Veterans went job hunting Thursday, with many interested in the emerging natural gas and wind power industries. About 50 international corporations, local companies and government agencies converged at the Coca-Cola Bricktown Events Center for the city's second RecruitMilitary career fair this year. The companies were looking for potential employees with specific skills possessed by many military veterans. RecruitMilitary Senior Vice President Larry Slagel said the company estimates about 15 to 20 percent of the more than 350 veterans who attended Wednesday's event will receive job offers. "When you get out of the military, it's very hard to market yourself,” Slagel said. "I'm a former Marine officer, and when I got out, I struggled with what I could bring to corporate America.”
What they bring to tableSiegel said he found that military veterans have intangible advantages over other potential employees because of the veterans' teamwork experience, leadership skills and timeliness. The veterans visiting the career fair included a mix of early and late career military men and women. Some were nearing retirement and looking for entrepreneurial opportunities, and others were looking for their first nonmilitary career. Gene Shiflett, who is stationed at Tinker Air Force base and runs radar equipment on AWACs, has been in the military for more than 20 years and is nearing retirement. He came to the career fair to learn about careers of all types.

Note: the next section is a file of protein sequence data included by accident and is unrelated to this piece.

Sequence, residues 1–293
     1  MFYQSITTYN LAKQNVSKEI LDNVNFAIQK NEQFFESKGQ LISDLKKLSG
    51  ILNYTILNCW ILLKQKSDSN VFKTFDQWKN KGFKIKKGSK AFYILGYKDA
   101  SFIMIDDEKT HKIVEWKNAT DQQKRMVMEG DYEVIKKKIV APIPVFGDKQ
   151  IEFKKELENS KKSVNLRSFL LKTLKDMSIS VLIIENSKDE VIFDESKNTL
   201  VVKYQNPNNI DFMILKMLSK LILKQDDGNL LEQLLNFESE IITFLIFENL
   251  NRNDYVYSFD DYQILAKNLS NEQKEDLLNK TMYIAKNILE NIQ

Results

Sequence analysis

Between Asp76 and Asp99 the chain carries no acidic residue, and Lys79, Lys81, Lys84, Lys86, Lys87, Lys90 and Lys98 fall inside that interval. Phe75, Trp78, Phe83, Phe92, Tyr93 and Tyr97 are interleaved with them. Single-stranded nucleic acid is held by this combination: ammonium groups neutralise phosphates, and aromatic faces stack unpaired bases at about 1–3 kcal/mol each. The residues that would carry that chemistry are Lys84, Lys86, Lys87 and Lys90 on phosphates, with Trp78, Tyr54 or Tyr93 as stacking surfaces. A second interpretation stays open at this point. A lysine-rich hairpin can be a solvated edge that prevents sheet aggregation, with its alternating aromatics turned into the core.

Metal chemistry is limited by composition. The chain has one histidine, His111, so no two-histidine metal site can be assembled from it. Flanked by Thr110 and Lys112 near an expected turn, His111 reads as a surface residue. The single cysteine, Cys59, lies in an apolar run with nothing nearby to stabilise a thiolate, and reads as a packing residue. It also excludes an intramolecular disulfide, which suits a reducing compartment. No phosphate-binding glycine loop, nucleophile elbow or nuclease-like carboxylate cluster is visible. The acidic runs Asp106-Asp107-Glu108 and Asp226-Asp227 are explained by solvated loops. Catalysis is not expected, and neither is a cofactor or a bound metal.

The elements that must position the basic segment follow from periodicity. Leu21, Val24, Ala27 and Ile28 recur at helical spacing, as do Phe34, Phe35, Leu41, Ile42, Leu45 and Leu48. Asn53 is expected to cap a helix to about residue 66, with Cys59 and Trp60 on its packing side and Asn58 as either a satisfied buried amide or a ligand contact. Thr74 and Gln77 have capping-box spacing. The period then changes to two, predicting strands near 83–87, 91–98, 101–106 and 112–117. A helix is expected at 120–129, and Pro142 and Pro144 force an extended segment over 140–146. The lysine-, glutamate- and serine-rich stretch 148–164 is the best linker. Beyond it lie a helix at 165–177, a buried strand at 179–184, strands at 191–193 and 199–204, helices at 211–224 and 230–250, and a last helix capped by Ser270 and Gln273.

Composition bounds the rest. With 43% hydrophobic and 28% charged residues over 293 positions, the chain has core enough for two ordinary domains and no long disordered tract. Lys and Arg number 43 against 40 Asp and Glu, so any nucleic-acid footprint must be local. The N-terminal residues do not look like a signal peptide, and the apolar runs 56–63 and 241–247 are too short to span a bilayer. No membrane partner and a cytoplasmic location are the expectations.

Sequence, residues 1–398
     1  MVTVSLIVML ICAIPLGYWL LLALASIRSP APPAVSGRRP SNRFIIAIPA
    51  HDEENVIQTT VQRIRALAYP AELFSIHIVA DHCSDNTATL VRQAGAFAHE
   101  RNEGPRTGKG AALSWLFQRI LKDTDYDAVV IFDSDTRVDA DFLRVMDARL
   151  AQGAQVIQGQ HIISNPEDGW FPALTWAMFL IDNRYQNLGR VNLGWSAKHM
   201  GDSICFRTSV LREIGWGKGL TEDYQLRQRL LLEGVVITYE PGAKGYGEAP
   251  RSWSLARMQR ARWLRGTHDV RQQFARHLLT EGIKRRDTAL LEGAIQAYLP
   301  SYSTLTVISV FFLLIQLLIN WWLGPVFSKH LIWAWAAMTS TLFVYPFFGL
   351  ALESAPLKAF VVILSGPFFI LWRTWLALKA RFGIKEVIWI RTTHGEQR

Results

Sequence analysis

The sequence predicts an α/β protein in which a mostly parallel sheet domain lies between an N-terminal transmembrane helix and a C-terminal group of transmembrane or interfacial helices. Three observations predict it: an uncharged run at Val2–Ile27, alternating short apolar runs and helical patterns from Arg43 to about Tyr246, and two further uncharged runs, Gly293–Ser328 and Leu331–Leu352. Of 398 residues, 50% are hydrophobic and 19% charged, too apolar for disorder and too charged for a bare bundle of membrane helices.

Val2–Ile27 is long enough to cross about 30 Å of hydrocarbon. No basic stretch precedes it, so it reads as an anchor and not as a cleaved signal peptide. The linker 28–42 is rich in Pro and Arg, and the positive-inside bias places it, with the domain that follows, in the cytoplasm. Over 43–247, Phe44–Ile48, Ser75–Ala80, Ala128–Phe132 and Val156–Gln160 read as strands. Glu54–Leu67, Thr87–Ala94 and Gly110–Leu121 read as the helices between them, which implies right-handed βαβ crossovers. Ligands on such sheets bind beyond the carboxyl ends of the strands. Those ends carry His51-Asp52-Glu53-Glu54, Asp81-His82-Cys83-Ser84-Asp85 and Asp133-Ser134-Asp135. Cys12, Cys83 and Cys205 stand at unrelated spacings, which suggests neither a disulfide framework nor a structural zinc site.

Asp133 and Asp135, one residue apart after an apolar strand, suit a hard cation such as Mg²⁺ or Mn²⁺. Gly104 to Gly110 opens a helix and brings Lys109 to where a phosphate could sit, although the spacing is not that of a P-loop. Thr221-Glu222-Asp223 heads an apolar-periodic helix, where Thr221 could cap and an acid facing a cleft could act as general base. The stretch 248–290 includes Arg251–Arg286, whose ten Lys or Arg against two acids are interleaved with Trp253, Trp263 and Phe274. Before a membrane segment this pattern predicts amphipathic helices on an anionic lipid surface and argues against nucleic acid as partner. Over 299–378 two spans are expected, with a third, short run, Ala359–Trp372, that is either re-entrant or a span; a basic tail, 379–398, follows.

Life after militaryZach Kern has been stationed at the Air Force base for five years and wanted to learn about opportunities in the energy sector. "The natural gas industry really interests me,” Kern said after visiting with a representative from Chesapeake Energy. Turner Brothers, a local trucking and heavy equipment company, was looking for employees with commercial drivers licenses to drive its trucks and other heavy equipment. Military veterans, particularly Army veterans, often have commercial drivers licenses. But the main reason Turner Brothers came to the career fair was to find employees for its new wind farm construction division, a company representative said. "The wind power is growing very fast,” said Judy Hawkins, who works in human resources for Turner Brothers.
U.S. Border Patrol agent Lee Jayroe talks with Brian Frutchey as he fills out a job application during the RecruitMilitary career fair at the Coca-Cola Events Center. By CHRIS LANDSBERGER, THE OKLAHOMAN